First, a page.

A question -- Waterlox on white oak -- how dark does it make it?

I'm considering using Waterlox Original as the only finish on an unfinished kitchen table made of white oak. Certainly I'll be testing whatever I use on the underside of a leaf, but I was curious if the product changes the color of the oak beyond that which would be expected with the application of any "wet" substance.
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I've used it just this way & it will give a very nice, slightly amber tint.
Ladd Morse wrote:

-- I AM NOT PARANOID .. .. .. but EVERYONE thinks I am !! !! !!
<<<__ Bob __>>>
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On Wed, 29 Oct 2003 11:42:27 -0500, snipped-for-privacy@his.com (Ladd Morse) brought forth from the murky depths:

Go for it. It should hold up unless you set flaming pots on it.

No, and AAMOF, it lightens as it dries. It's not quite as dark dry as it is wet. Great stuff. I still haven't used it with enough coats to fill oak pores, but if you're like me, you like oak FOR the pores. It cleans surprisingly well.
-- Music washes away from the soul the dust of everyday life. ---- --Unknown
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Everything I've read says that the finish is pretty durable, but always nice to get another opinion!

Back in the old days (last month) when I was considering following the advice of the unfinished furniture store to use multiple coats of Zar water-based poly, my wife and I looked at the stain samples and decided to use the stain that was one darker than using no stain at all. Just a bit more of a "golden oak"-type coloration.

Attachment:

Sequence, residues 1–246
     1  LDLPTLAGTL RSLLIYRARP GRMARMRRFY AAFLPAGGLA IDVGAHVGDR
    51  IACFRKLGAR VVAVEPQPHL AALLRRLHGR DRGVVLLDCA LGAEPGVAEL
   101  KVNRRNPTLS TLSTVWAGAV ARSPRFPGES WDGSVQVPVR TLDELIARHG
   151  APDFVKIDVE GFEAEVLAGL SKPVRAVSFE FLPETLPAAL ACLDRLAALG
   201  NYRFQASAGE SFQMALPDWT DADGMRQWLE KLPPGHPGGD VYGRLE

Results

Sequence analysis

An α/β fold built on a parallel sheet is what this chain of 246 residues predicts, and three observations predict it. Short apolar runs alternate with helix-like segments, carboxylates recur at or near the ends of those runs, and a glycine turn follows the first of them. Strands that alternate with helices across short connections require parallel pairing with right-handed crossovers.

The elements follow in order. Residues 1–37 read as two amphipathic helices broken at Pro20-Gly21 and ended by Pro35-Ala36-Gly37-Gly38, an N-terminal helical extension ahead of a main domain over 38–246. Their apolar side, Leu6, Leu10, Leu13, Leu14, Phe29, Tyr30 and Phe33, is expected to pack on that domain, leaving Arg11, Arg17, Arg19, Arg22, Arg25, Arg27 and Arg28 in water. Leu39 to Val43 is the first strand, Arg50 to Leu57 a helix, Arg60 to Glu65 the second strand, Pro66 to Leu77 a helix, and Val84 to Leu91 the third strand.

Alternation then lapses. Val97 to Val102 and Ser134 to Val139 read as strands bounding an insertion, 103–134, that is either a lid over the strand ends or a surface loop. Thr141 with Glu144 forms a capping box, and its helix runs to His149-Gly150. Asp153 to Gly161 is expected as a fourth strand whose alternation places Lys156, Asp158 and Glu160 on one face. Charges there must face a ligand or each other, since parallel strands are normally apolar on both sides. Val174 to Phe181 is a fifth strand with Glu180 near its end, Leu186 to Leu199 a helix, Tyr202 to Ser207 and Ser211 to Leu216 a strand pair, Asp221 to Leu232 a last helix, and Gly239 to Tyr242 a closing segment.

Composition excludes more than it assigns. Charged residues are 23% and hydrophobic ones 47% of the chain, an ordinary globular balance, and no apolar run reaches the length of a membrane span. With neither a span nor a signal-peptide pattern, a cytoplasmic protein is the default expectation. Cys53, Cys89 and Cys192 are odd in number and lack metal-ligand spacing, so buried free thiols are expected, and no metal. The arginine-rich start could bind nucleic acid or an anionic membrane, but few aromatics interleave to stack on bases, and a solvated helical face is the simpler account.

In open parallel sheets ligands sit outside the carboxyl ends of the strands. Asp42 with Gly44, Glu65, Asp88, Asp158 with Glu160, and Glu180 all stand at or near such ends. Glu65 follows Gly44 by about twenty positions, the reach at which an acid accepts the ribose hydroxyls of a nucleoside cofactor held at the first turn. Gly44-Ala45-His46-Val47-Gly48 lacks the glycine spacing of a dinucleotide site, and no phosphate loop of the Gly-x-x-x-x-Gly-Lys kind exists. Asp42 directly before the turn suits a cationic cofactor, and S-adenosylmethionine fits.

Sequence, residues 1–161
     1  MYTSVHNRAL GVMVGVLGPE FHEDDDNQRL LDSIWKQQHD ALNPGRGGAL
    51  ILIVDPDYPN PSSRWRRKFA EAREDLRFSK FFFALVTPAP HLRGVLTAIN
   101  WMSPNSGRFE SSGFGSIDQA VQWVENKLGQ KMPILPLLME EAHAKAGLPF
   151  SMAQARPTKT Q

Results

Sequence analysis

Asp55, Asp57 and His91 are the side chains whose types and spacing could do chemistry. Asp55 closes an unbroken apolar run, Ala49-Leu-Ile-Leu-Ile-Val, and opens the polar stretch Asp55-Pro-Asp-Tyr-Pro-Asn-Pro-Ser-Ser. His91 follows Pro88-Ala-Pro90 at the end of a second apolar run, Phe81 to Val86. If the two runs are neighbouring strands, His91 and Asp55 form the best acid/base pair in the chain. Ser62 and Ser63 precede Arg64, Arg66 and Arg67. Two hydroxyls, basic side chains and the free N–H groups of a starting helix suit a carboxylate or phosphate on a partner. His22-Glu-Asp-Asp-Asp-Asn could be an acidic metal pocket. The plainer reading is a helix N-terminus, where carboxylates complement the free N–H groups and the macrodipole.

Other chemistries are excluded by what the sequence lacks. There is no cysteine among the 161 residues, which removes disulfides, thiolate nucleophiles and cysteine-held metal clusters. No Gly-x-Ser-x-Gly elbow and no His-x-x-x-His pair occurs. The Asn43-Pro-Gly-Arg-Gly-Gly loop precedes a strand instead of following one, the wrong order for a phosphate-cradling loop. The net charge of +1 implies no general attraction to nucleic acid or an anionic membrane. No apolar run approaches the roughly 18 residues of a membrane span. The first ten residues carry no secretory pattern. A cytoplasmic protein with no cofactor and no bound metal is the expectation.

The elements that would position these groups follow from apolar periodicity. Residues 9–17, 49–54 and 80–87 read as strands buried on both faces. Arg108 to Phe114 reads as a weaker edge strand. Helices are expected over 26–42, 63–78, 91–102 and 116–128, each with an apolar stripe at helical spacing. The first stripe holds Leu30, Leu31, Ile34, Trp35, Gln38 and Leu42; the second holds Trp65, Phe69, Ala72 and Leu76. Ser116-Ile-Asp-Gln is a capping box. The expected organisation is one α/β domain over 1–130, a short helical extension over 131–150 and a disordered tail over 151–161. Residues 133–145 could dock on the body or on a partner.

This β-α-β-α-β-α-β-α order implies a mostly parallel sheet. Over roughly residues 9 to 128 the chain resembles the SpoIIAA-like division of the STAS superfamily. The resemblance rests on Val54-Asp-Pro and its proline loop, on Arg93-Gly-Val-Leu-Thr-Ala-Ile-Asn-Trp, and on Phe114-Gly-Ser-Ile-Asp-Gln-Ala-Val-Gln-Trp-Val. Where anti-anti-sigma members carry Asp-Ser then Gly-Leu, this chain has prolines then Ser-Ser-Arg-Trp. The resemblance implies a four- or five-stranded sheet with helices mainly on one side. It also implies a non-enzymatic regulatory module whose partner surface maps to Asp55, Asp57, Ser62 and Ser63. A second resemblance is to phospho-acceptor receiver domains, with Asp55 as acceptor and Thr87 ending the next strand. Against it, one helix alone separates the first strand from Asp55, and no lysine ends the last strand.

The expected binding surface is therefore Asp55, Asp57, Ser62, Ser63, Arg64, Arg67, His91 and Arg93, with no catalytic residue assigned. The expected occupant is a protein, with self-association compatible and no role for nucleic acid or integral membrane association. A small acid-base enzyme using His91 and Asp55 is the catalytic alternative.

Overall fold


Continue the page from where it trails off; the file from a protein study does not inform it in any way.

Now that I'm pretty sure I'm not going the water-based poly finish route, I'm thinking that the slight coloration of the natural -finish Waterlox might substitute for the stain.
I guess that's what testing is for! :-)
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TransTint dyes can be used in waterbased finishes to get whatever color you want (almost). It is often used to get a slight ambering that oil based finishes provide without the oil based hassle of cleanup, odor and long dry times. Check www.homesteadfinishing.com
On Sun, 2 Nov 2003 12:14:05 -0500, snipped-for-privacy@his.com (Ladd Morse) wrote:

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Thanks for the tip. I'll check out that product if the coloration I get from several applications of Waterlox on the white oak isn't what I want.
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